Armenia and Azerbaijan agreed to a third attempt to establish a ceasefire after four weeks of hostilities, but immediately accused each other of breaching it.
Armenia and Azerbaijan reiterated their commitment to a peaceful resolution of their decades-old conflict over Nagorno-Karabakh on Sunday, and agreed to a third attempt to establish a ceasefire after four weeks of hostilities.
The agreement on a truce set to begin at 8 a.m. (0400 GMT) Monday was announced in a joint statement by the governments of the United States, Armenia and Azerbaijan.
However, both sides immediately accused the other of violating the latest accord while claiming to be respecting it themselves, AFP reported. Azerbaijan's foreign affairs ministry accused Armenia of bombarding the town of Terter and surrounding villages, while Nagorno-Karabakh's defence ministry denounced enemy artillery fire on its positions.
Two previous Russia-brokered ceasefires, including one last weekend, frayed immediately after taking force, with both sides accusing each other of violations.
After fighting over the Nagorno-Karabakh region continued on Sunday, U.S. Secretary of State Mike Pompeo said in a tweet in the evening that the US facilitated “an intensive negotiation” and Armenian Foreign Minister Zohrab Mnatsakanyan and Azerbaijani Foreign Minister Jeyhun Bayramov “have committed to implement and abide by the ceasefire” that comes into force Monday.
Russia, the U.S. and France, co-chairs of the so-called Minsk Group set up by the Organisation for Security and Cooperation in Europe to mediate the conflict, also took part in the talks, Pompeo said.
In a separate statement, co-chairs of the group said they would meet with the Armenian and Azerbaijani foreign ministers in Geneva on Thursday “to discuss, reach agreement on, and begin implementation ... of all steps necessary to achieve a peaceful settlement of the Nagorno-Karabakh conflict."
Nagorno-Karabakh lies within Azerbaijan but has been under the control of ethnic Armenian forces backed by Armenia since a war there ended in 1994. The latest fighting that began September 27 has involved heavy artillery, rockets and drones, killing hundreds in the largest escalation of hostilities between the South Caucasus neighbours in more than a quarter-century.
The deadly clashes have continued despite numerous calls for the cessation of hostilities and the two attempts at establishing a ceasefire.
UN Secretary-General Antonio Guterres welcomed the ceasefire agreement and reiterated his appeal to Armenia and Azerbaijan to fully implement it without delay and “resume substantive negotiations without preconditions,” UN spokesman Stephane Dujarric said.
The UN chief urged the parties to allow unimpeded humanitarian access to Nagorno-Karabakh to deliver aid and “to make concrete steps towards a peaceful resolution of the Nagorno-Karabakh conflict,” Dujarric said.
Russian President Vladimir Putin said Thursday that according to Moscow’s information, the death toll from the fighting was nearing 5,000, significantly higher than what both sides report.
On Friday, Pompeo hosted the Armenian and Azerbaijan foreign ministers for separate talks, but the fighting raged on unabated.
On Sunday morning, the Azerbaijani Defence Ministry accused Armenian forces of targeting several Azerbaijani regions. Armenian military officials reported “intense fighting” in the conflict zone throughout the day and “heavy battles” Sunday evening.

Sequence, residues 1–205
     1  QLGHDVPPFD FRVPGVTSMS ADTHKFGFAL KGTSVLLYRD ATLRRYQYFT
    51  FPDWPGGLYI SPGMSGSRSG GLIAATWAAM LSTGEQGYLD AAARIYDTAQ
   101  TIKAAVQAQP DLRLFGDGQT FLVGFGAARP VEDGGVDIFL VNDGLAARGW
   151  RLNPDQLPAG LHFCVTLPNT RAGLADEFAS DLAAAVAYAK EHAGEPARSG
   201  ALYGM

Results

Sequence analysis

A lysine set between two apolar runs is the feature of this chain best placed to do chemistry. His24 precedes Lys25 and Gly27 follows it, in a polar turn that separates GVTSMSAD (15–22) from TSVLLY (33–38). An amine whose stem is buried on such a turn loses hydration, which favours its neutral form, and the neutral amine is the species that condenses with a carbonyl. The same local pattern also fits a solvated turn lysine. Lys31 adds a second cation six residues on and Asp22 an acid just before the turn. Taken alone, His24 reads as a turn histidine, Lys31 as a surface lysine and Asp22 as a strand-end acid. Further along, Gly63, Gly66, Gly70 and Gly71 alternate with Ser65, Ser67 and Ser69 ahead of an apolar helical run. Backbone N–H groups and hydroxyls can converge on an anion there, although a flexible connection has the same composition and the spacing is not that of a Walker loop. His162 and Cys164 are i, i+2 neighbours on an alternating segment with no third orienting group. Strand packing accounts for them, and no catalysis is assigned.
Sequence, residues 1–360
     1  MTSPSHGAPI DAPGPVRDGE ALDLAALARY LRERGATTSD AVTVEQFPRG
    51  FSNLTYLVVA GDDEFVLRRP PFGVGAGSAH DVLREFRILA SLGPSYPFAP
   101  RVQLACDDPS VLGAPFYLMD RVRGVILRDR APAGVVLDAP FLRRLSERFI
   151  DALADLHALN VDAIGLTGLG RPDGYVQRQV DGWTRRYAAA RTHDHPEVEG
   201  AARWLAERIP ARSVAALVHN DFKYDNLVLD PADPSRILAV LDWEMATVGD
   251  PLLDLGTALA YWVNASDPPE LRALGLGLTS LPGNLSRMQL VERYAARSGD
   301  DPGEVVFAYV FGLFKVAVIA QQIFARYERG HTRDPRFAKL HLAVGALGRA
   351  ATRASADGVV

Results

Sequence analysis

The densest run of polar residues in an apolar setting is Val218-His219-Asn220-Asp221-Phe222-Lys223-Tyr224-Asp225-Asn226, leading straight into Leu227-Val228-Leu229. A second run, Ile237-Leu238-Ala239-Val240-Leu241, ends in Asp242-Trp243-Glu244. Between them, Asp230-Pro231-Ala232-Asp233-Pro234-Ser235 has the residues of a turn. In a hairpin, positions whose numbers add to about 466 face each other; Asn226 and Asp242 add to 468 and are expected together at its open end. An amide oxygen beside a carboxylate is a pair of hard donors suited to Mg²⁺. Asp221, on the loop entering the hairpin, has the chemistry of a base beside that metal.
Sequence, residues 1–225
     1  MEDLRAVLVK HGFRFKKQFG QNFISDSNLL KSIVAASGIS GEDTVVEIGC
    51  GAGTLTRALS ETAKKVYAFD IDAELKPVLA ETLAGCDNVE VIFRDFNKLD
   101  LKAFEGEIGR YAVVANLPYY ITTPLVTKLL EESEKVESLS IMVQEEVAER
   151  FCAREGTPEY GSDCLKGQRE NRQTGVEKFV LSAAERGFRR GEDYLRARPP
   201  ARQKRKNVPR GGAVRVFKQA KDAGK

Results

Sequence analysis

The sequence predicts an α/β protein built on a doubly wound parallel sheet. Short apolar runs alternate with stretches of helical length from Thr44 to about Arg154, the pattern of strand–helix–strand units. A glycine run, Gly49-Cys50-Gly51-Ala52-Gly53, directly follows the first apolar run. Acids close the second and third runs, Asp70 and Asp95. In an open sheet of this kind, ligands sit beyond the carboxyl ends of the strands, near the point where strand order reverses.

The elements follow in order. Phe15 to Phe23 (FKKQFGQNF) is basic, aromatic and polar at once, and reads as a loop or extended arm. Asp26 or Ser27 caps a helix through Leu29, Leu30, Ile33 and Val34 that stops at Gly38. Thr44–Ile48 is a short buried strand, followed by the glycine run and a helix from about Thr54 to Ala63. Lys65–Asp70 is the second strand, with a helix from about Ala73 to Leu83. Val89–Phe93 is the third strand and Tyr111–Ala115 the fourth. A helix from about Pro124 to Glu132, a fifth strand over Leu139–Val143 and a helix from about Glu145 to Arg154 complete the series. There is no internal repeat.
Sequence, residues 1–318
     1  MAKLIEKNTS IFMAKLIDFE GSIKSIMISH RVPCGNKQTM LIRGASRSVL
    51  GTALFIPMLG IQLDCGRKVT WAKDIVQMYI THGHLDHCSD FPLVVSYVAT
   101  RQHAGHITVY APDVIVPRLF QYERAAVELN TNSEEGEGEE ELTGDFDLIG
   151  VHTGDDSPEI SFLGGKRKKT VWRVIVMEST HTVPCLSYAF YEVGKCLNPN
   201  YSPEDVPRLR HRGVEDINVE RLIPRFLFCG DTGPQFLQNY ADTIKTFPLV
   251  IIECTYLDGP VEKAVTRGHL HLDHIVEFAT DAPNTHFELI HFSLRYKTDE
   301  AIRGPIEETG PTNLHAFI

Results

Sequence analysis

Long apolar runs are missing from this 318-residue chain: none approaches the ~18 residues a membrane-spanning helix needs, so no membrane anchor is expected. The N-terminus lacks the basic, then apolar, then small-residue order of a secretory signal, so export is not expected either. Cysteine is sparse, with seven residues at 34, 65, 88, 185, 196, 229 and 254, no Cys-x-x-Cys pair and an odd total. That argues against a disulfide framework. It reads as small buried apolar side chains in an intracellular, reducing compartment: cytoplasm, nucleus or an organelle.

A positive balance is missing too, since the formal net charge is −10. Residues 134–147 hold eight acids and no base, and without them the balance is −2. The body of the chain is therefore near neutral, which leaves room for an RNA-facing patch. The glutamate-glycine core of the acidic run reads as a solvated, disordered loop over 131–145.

The four weeks of hostilities have prompted concerns of a wider conflict involving Turkey, which has thrown its weight behind Azerbaijan, and Russia, which has a security pact with Armenia.
It also worried Iran, which has borders with both Armenia and Azerbaijan. Iran has occasionally complained about stray mortar rounds and rockets that injured people and damaged buildings in rural areas near the borders.
Iran’s Revolutionary Guard said Sunday it deployed units of its ground forces to the border near the area of the hostilities, the country’s state radio reported. Gen. Mohammad Pakpour, chief of the Guard’s ground forces, said that Iran would not accept any action that “violates” the security and peace of Iranian people in the region.
Both Armenia and Azerbaijan maintained they were committed to a peaceful resolution and blamed each other for hindering peace.
Azerbaijani President Ilham Aliyev has said Armenian forces must withdraw from Nagorno-Karabakh to end the fighting. “A ceasefire cannot be without conditions. The truce is possible only after Armenian leadership announces withdrawing its troops from Azerbaijan's occupied territories,” Aliyev said Sunday.
Armenian Prime Minister Nikol Pashinian, in turn, accused Azerbaijan of taking a “non-constructive” stance in negotiations. “To solve this issue, we need mutual concessions. Every time Armenia expresses willingness to make any concessions ... Azerbaijan comes up with new demands, new conditions," Pashinian said Sunday in an interview.
The announcement of the new ceasefire came several hours after those remarks.
President Donald Trump’s national security adviser, Robert O’Brien, tweeted Sunday that the president asked him to meet at the White House with the Armenian and Azerbaijani foreign ministers on Friday and that he spoke on the phone Saturday with Pashinian and Aliyev.
“Congratulations to all of them for agreeing to adhere to the cease-fire today,” O’Brien said, adding that Pompeo and his deputy Stephen Biegun played key roles. “Lives will be saved in both nations.”